Two of my party selected the soup while two went for the house breads served with Abernethy butter (a butter handmade in Dromara, County Down which I often rave about.)

I decided upon the beetroot risotto with hazelnut, wild rice and rosemary, costing £8.00. The risotto was beautifully done, creamy without being too runny.

Of course the mains were all about grilled meat! The Meat Locker’s speciality is steak, ranging from Hannan’s 250g shorthorn rump (£17.00) to Hannan’s 350g salt aged Delmonico ribeye (£35.00). As the menu states, Hannan’s Meat is matured in their Himalayan Salt Chamber using a 12ft wall of 1,000 hand–cut Himalayan rock salt bricks.

It was steak for three of our party, while two of us, including myself, went for the Hannan’s BBQ shortrib beef burger with smoked cheddar, relish, dill pickle and fries (£15). The burger was a great size (so much so, the toppings were sliding out as I couldn’t fit it all in in one bite!) and there were no complaints about the other mains.

Other mains include asador grilled chicken with smoked potato, mushroom and tarragon (£15) and whole lemon sole, cockles, spiced sausage and fennel (£17.50.)

We didn’t have dessert in the end as we had birthday cake but at just over £150 for the five of us (including drinks) we thought it was a reasonably priced and very tasty meal!

img_6908House breads and Abernethy butter

img_6909Beetroot Risotto

img_6910Hannan’s BBQ shortrib beef burger

img_6911Hannan’s BBQ shortrib beef burger

fullsizerenderHannan’s 350g salt aged Delmonico ribeye









10 Things to do in Northern Ireland: 20-26th February

If you love getting out and about as much as I do, here is Tourism Northern Ireland’s pick of the Top 10 things to do next week! (w/c 20th February)

  • Celtic Mindfulness, Navan Centre & Fort, Co. Armagh, February 25 – 26. Celtic Mindfulness is a unique healing experience of the land and energy. Music, myth and mediation will be used to awaken your Celtic Soul, creating focus positivity and stillness for the mind. Featuring workshops from Sandra Nelson and Kate Fitzpatrick.


  • Mid Term Fun, Titanic Belfast, Belfast, until February 21. Challenge the kids with the Explorer Trail throughout the Titanic Experience, meet the Titanic Mascots and try out the new family interactive guide, before stopping off for a bite to eat with the ‘Kids Eat Free’ meal deals this mid-term holiday.


  • Ards and North Down – A Postcard View of the Past, Newtownards / Ards Visitor Centre, Co. Down, until February 25. Do you remember the age of steam trains, pony rides on the beach, Bangor seafront activities, the Ballywalter lightship, or the Whale’s Jawbone Arch near Portaferry? Step back into the past via the medium of old picture postcards and see the towns and villages of Ards and North Down going back over the 20th century to days when the pace of life was much more sedate.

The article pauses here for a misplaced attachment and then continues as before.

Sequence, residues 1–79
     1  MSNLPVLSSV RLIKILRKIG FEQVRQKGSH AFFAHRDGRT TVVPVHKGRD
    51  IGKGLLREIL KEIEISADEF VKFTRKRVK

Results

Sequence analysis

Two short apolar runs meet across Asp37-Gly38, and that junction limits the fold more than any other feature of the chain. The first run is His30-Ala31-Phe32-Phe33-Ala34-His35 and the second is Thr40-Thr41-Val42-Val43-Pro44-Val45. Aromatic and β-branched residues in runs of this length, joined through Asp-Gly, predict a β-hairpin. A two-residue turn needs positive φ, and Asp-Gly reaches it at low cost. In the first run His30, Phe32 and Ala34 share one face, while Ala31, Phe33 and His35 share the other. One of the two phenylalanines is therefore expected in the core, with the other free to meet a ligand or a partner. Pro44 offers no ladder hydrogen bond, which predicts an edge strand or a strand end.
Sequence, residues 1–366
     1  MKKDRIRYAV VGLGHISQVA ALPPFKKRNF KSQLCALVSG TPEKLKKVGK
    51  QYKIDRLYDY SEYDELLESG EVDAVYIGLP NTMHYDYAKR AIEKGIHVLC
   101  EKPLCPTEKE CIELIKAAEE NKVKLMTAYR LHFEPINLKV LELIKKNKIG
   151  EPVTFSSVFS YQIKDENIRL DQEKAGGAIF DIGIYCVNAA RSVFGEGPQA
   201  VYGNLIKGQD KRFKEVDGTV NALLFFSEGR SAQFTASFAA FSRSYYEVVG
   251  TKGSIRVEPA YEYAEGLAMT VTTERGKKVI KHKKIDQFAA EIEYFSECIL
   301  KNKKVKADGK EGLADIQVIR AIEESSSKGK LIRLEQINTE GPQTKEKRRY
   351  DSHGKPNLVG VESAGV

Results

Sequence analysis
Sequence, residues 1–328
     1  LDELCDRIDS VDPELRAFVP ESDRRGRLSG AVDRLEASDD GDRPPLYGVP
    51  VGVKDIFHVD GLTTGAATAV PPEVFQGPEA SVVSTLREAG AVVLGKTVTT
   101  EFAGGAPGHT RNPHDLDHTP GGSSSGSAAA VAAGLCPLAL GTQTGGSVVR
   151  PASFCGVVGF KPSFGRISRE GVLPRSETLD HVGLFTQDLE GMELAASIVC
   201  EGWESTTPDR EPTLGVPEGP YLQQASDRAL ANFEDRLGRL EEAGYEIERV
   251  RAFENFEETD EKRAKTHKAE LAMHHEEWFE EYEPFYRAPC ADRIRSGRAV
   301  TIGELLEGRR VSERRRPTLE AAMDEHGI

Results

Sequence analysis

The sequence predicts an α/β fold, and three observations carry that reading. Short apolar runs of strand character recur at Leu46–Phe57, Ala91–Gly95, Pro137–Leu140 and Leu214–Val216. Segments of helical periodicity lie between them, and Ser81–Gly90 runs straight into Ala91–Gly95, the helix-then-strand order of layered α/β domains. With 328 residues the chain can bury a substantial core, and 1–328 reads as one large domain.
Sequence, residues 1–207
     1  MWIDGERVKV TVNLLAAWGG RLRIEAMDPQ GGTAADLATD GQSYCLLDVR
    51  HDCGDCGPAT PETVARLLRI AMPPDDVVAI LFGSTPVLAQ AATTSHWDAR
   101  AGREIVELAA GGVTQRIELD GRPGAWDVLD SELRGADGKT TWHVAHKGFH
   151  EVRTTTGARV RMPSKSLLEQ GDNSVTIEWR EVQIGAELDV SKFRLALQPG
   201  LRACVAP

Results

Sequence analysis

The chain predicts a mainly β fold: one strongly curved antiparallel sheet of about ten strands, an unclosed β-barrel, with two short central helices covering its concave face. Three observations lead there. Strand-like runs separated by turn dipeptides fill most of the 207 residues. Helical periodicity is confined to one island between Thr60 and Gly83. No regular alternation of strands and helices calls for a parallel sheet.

• Winter Wooly Walk, Saint Columb’s Park, Derry~Londonderry, February 25. It’s time to kick off those winter blues. Rally your kids, friends and family, and join the big Winter Woolly Walk in St Columb’s Park, Derry~Londonderry. Starting at 10:30, the 3 mile walk starts at St Columb’s Park House and takes in the beautiful surroundings of Ebrington Square and the iconic Peace bridge. Afterwards there will be plenty of warming refreshments and family fun.

Winter Wooly Walk.jpg

  • Glasgow Girls, MAC, Belfast, February 21 – 25. Glasgow Girls is a potent political drama, with uplifting songs, music, dance and humour to tell the tale of the most powerful asylum campaigns in recent history. A show with universal appeal – a massive hit at Edinburgh Fringe 2016, selling more tickets than any other theatre show in the festival.


  • Ulster Orchestra, Ardhowen Theatre, Co. Fermanagh, February 25. Join the Ulster Orchestra and its sensational young Music Director, Rafael Payare, in a concert that celebrates its fifty years as Northern Ireland’s world-class symphony orchestra and that will evoke, ‘the awakening of happy feelings on arriving in the countryside.’


  • Jane Eyre: An Autobiography, Riverside Theatre, Coleraine, Derry~Londonderry, February 22. Dyad Productions presents ‘Jane Eyre’, Charlotte Bronte’s classic novel, dramatized on stage and starring Rebecca Vaughan. Struggling to live, think and love beyond the stifling expectations of duty, class and convention, governess Jane Eyre and Master Edward Rochester take a dark journey towards sensual and intellectual liberation.


  • William McKinley by Alex Blair, Ballymoney Town Hall, Co. Antrim, February 22. William McKinley was one of many Scotch-Irish presidents with Ulster links. His links lay in Conagher and the talk will untangle the family lineage which links Conagher to The White House. He will tell of the 25th President’s progress to the highest office in the U.S.A. and how his presidency ended tragically in assassination.


  • Let the Dance Begin, Alley Cat Theatre, Co. Tyrone, February 23. Inspired by The Pushkin Trust’s theme of Floodtide in the Heart – Seamus Heaney, Let the Dance Begin aims to bring many different people together through Creative Arts within the community of Strabane through a display of dance, drumming poetry and more.


  • A Taste of Flavour SenseNation, Black Box, Belfast, February 25. This exciting interactive event will take your taste buds on a roller-coaster ride through the senses. It will challenge your sensory skills, your taste, smell, touch, sight and hearing, to see how they react with each other when different sounds, smells and textures are thrown into the mix. This is no ordinary experience; you will sample the ‘fifth taste’, test your smelling memory skills, trick your taste buds and sample some very weird foods.